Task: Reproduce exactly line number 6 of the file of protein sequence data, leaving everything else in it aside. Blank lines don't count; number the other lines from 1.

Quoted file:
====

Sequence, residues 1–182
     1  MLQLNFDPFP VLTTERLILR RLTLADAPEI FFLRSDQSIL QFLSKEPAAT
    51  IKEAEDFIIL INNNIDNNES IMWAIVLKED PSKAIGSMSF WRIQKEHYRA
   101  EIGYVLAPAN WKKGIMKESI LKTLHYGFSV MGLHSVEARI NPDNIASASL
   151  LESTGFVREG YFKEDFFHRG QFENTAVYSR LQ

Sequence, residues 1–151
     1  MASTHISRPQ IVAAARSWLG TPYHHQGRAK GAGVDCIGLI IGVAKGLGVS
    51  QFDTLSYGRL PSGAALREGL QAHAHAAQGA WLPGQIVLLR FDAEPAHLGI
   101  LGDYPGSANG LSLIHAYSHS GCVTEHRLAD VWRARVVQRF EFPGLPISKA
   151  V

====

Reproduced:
Sequence, residues 1–151